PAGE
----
Brian Hoyer spent a long, merciless winter in Cleveland rehabbing his right knee so he'd be ready for the day he could run on the field again.
He's never worked harder at anything in his life.
The Browns are his team, and have been since he was a little kid. And now that he's back — not 100 percent, but getting there — the homegrown quarterback, whose promising 2013 season was cut short after only two starts by a serious injury, isn't about to let go of his dream of leading an NFL team without a fight.
Cleveland can draft a franchise quarterback next week. Hoyer believes the Browns already have one.
"I know how I feel about myself," he said. "I know how my teammates feel. I'm trying to go out and prove it to these new coaches and all I can really ask for is a chance and I think I'll get that. I'm going out there every day, and until someone tells me otherwise, I think I'm the starter for this team."
Six months after surgery on a torn anterior cruciate ligament, Hoyer participated in Cleveland's first voluntary minicamp practice Tuesday to rave reviews. It was a significant step for the 28-year-old, who showed poise and potential in winning his first two starts before he was injured while sliding at the end of scramble against Buffalo.
Hoyer was sharp during the portion of practice open to media members. He didn't show any limitations while making cuts, and displayed nice footwork while firing pinpoint passes. If not for the brace on his right knee, there would have been no evidence Hoyer had been hurt.
Following the indoor workout, Hoyer was upbeat and somewhat relieved.
"It was awesome," he said. "I felt really good, which was no surprise to me. I felt like I was prepared for this for a while. It's just good to play football again."
Hoyer has been cleared to do individual work, but not take part in team drills. The Browns don't want to take any unnecessary risks with Hoyer. But that didn't stop him from pleading with new Browns coach Mike Pettine to let him jump behind center during 11-on-11 drills.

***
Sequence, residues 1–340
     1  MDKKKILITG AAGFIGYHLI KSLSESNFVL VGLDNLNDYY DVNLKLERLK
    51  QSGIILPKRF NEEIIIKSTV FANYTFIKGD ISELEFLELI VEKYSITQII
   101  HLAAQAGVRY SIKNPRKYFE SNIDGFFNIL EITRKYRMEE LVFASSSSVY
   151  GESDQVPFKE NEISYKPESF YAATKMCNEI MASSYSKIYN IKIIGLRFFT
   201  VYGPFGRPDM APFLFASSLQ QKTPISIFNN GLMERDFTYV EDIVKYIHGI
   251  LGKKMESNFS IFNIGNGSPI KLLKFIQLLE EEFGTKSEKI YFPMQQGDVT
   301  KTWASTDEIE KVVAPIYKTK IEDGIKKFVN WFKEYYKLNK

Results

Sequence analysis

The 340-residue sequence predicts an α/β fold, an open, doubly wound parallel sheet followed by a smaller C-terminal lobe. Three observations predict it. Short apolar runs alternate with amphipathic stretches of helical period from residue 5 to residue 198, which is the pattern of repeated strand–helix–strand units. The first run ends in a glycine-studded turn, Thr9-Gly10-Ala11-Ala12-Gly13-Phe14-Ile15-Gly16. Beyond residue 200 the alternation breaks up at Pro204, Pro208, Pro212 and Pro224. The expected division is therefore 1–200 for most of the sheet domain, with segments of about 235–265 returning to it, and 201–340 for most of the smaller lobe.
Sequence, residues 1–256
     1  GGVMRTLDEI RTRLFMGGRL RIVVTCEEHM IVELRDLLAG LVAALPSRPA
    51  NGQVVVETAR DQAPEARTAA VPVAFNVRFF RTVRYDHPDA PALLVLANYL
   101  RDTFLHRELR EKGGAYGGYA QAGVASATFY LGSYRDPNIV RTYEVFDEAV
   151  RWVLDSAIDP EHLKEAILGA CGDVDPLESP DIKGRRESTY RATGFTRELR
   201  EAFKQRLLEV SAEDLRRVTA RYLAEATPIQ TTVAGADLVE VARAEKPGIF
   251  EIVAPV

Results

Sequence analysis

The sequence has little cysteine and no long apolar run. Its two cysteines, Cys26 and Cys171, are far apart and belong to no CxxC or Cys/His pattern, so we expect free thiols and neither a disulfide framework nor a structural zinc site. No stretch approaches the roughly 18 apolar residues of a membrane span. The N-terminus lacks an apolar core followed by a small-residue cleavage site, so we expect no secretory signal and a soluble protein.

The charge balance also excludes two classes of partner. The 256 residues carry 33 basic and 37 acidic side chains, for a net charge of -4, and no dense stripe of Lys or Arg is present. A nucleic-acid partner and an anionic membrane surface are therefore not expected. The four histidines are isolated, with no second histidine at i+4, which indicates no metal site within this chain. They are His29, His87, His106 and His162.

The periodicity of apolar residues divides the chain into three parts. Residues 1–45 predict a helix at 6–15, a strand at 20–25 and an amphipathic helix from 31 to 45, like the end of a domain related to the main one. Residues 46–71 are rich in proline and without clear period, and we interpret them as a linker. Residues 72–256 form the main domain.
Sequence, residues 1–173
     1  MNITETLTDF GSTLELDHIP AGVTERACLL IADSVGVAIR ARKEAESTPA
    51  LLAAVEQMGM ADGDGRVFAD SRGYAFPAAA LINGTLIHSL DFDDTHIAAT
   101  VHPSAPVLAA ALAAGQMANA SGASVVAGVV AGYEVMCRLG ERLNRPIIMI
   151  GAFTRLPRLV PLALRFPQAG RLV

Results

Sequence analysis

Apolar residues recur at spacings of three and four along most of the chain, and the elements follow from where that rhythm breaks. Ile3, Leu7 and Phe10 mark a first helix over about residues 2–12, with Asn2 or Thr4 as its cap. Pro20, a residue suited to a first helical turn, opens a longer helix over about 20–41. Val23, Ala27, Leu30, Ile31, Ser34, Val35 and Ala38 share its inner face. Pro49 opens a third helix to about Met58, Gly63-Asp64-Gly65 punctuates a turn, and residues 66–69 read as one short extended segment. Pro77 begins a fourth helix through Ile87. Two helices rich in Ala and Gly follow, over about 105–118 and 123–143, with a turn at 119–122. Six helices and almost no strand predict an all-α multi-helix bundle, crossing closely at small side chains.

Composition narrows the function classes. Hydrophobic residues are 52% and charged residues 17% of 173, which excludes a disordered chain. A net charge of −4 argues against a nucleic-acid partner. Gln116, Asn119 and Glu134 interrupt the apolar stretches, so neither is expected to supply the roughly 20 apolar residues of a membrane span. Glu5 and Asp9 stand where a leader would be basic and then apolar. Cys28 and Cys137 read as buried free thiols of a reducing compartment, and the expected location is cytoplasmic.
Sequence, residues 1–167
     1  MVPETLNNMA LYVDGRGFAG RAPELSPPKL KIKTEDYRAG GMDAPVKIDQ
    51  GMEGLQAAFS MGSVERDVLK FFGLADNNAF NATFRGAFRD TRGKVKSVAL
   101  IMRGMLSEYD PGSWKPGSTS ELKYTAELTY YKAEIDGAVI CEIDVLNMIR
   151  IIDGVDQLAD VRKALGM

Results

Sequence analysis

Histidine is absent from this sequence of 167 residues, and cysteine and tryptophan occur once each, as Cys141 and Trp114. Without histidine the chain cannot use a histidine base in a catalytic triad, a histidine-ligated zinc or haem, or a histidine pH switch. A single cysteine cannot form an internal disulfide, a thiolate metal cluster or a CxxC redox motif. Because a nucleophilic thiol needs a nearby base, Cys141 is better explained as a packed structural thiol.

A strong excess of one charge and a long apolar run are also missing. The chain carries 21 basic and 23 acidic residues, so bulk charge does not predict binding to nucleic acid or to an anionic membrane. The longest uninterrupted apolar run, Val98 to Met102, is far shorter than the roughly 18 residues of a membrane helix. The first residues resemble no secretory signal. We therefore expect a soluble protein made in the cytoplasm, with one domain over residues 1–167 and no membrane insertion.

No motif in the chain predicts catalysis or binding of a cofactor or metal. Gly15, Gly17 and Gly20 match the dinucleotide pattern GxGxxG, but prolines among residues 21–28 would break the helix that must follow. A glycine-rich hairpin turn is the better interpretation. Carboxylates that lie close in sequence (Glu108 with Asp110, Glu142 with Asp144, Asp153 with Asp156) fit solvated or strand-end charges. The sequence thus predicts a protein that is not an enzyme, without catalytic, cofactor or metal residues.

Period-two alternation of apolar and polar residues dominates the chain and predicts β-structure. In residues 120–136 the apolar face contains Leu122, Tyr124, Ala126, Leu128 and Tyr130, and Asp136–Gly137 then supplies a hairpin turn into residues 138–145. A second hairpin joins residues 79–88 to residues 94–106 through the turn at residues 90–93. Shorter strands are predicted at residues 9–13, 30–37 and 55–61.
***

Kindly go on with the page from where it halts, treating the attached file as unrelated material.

"He begged me to be able to jump in there for the team stuff and I had to play head coach for a minute and tell him no," Pettine said. "But again, that's the way he is. That's the way he's made up, ultimate competitor, so I think he firmly believes that it's his job."
Hoyer spent three seasons sitting behind Tom Brady, then made one start during a year in Arizona before getting his shot last year with the Browns.
He's aware Cleveland could use the No. 4 overall pick next week on a quarterback. There's a chance in a few weeks Hoyer could find himself competing with someone like Texas A&M star Johnny Manziel.
How would he react?
"Just be myself," he said. "I have to do what I do on a daily basis and work hard. That's all I know how to do."
Hoyer isn't the only quarterback trying to make an impression this week.
Vince Young, who hasn't played in an NFL regular-season game since 2011, has three days to convince the Browns he can help them. The 30-year-old said he's motivated to resume a career after being sidetracked the past few seasons.
"The fire is lit always," Young said. "One thing a lot of people don't know, I love this game so much."
Young has been given no guarantees other than he'll get a chance. He was with Green Bay late last summer, but got released. Young was reluctant to discuss why his pro career has stalled.
"I'm just happy to have the opportunity playing for a historic team, a respectful team," Young said. "It's a long history for the Browns.
"I'm just going to make the best of it."
Browns wide receiver Josh Gordon has admired Young for years. Gordon's mom taught Young in elementary school and has looked up to the fellow Texan.
From what Gordon can tell, Young isn't done yet.
"Oh yeah," he said. "He's still got it."
NOTES: RB Dion Lewis, OL Chris Faulk, LB Quentin Groves and S Josh Aubrey were on the field after sustaining season-ending injuries in 2013. WR/KR Travis Benjamin is on schedule after undergoing knee surgery, but Pettine said the Browns will likely keep him out until training camp.
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